Nvidia launches a new GPU architecture and the Grace CPU Superchip – TechCrunch


At its annual GTC conference for AI developers, Nvidia today announced its next-gen Hopper GPU architecture and the Hopper H100 GPU, as well as a new data center chip that combines the GPU with a high-performance CPU, which Nvidia calls the "Grace CPU Superchip" (not to be confused with the Grace Hopper Superchip). With Hopper, Nvidia is launching a number of new and updated technologies, but for AI developers, the most important one may just be the architecture's focus on transformer models, which have become the machine learning technique de rigueur for many use cases and which powers models like GPT-3 and asBERT. The new Transformer Engine in the H100 chip promises to speed up model training by up to six times and because this new architecture also features Nvidia's new NVLink Switch system for connecting multiple nodes, large server clusters powered by these chips will be able to scale up to support massive networks with less overhead. "The largest AI models can require months to train on today's computing platforms," Nvidia's Dave Salvator writes in today's announcement. AI, high performance computing and data analytics are growing in complexity with some models, like large language ones, reaching trillions of parameters.

Nvidia speeds AI, climate modeling


It's been years since developers found that Nvidia's main product, the GPU, was useful not just for rendering video games but also for high-performance computing of the kind used in 3D modeling, weather forecasting, or the training of AI models--and it's on enterprise applications such as those that CEO Jensen Huang will focus his attention at the company's GTC 2022 conference this week. Nvidia is hoping to make it easier for CIOs building digital twins and machine learning models to secure enterprise computing, and even to speed the adoption of quantum computing with a range of new hardware and software. Digital twins, numerical models that reflect changes in real-world objects useful in design, manufacturing, and service creation, vary in their level of detail. For some applications, a simple database may suffice to record a product's service history--when it was made, who it shipped to, what modifications have been applied--while others require a full-on 3D model incorporating real-time sensor data that can be used, for example, to provide advanced warning of component failure or of rain. It's at the high end of that range that Nvidia plays.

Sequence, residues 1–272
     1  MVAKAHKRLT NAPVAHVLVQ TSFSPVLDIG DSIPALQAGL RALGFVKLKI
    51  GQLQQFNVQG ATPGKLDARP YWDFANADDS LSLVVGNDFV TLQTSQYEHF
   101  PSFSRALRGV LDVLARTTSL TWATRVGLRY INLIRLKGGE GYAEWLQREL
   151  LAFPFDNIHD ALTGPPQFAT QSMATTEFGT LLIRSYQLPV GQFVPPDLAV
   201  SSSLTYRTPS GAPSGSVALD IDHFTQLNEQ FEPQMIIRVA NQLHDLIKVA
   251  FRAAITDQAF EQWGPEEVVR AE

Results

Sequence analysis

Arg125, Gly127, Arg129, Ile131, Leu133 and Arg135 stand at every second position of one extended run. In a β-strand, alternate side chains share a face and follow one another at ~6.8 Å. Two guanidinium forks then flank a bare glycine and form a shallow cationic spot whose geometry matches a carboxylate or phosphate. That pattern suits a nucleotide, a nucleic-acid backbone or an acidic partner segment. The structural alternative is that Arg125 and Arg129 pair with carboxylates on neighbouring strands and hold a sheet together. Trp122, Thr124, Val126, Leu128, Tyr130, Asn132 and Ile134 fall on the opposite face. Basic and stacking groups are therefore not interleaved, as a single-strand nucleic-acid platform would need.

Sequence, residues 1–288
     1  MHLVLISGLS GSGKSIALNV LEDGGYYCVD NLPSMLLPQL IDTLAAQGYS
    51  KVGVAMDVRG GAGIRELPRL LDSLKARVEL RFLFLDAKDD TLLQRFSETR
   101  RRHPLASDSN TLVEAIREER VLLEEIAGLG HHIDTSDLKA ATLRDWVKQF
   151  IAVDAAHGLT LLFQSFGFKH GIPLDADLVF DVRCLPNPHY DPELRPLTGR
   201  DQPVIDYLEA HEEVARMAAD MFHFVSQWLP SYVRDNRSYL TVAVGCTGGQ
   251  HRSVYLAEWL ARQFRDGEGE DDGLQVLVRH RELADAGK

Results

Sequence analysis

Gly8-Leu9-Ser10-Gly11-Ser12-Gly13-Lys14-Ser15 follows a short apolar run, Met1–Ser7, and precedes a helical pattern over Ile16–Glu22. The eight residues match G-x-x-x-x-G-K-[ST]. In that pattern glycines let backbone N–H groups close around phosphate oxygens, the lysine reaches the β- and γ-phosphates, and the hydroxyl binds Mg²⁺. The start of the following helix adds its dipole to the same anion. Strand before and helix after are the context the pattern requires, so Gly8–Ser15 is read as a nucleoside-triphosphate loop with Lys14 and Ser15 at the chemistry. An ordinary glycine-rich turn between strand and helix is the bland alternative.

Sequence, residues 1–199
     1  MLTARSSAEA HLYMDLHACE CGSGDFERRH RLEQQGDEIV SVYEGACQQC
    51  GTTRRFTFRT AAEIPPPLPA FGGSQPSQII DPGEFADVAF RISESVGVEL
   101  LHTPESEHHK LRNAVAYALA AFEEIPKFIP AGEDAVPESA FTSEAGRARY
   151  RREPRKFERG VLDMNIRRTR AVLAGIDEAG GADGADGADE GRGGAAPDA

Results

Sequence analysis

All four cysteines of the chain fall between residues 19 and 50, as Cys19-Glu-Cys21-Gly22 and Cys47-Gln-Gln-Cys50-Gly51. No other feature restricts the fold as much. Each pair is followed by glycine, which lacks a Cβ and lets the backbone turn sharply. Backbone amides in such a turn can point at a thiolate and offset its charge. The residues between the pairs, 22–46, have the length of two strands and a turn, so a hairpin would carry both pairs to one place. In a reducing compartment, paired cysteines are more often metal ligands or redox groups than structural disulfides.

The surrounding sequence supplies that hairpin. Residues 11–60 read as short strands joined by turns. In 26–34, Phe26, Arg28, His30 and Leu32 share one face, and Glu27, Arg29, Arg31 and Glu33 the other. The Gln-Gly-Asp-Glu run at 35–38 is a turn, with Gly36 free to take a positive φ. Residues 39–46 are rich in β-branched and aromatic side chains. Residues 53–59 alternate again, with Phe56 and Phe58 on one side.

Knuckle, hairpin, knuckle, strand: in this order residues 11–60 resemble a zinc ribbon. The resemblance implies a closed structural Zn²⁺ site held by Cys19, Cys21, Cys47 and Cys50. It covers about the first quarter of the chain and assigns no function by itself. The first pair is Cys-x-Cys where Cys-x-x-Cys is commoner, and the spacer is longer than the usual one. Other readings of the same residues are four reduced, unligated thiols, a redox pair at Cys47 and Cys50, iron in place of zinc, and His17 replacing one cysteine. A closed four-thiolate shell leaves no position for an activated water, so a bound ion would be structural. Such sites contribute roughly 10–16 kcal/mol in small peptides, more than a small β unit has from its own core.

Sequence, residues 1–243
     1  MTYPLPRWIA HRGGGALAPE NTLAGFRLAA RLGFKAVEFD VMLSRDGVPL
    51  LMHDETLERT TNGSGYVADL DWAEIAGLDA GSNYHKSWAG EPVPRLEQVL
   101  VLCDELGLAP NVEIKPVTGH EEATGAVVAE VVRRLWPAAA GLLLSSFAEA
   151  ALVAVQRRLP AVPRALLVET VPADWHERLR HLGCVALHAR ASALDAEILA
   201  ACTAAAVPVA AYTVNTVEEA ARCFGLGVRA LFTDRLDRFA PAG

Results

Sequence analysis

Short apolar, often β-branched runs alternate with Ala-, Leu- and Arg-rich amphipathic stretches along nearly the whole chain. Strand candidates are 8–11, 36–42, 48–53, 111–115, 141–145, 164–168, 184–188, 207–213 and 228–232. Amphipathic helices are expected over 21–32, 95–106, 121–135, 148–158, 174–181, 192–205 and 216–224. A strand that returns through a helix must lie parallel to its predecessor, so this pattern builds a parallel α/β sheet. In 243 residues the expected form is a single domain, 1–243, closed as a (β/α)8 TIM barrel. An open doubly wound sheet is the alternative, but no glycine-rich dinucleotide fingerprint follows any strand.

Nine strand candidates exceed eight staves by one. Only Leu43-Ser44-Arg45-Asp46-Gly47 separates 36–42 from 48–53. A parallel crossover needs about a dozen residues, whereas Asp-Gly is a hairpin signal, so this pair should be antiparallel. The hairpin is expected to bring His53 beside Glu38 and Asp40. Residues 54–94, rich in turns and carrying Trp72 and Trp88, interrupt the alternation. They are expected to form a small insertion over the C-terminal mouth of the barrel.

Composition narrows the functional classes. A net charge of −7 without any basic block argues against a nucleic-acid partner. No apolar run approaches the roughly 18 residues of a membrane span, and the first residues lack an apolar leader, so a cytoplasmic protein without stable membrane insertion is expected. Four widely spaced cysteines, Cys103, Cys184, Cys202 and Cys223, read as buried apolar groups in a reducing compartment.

GTC 2022: Nvidia flexes its GPU and platform muscles


Did you miss a session at the Data Summit? Nvidia packed about three years' worth of news into its GPU Technology Conference today. Flamboyant CEO Jensen Huang's 1 hour, 39-minute keynote covered a lot of ground, but the unifying themes to the majority of the two dozen announcements were GPU-centered and Nvidia's platform approach to everything it builds. Most people know Nvidia as the world's largest manufacturer of a graphics processing unit, or GPU. The GPU is a chip that was first used to accelerate graphics in gaming systems.

NVIDIA's more powerful 'AI brain' for robots is available now for $1,999


If you've been eager to use NVIDIA's more powerful robotics'brain' for projects, you now have your chance -- provided you're willing to pay a premium. The company is now selling the Jetson AGX Orin developer kit for $1,999. The palm-sized computing device is now billed as eight times more powerful than Jetson AGX Xavier (275 trillion operations per second, or TOPS) thanks to its 12-core ARM Cortex-A78AE CPUs, Ampere-based GPU and upgrades to its AI accelerators, interfaces, memory bandwidth and sensor support. You'll have to wait a while longer for production-ready units. They'll be available in the fourth quarter of the year starting at $399 for a'basic' Orin NX kit with six CPU cores, a 1,792-core GPU, 8GB of RAM and 70 TOPS of performance.

Nvidia takes the wraps off Hopper, its latest GPU architecture


Did you miss a session at the Data Summit? After much speculation, Nvidia today at its March 2022 GTC event announced the Hopper GPU architecture, a line of graphics cards that the company says will accelerate the types of algorithms commonly used in data science. Named for Grace Hopper, the pioneering U.S. computer scientist, the new architecture succeeds Nvidia's Ampere architecture, which launched roughly two years ago. The first card in the Hopper lineup is the H100, containing 80 billion transistors and a component called the Transformer Engine that's designed to speed up specific categories of AI models. Another architectural highlight includes Nvidia's MIG technology, which allows an H100 to be partitioned into seven smaller, isolated instances to handle different types of jobs.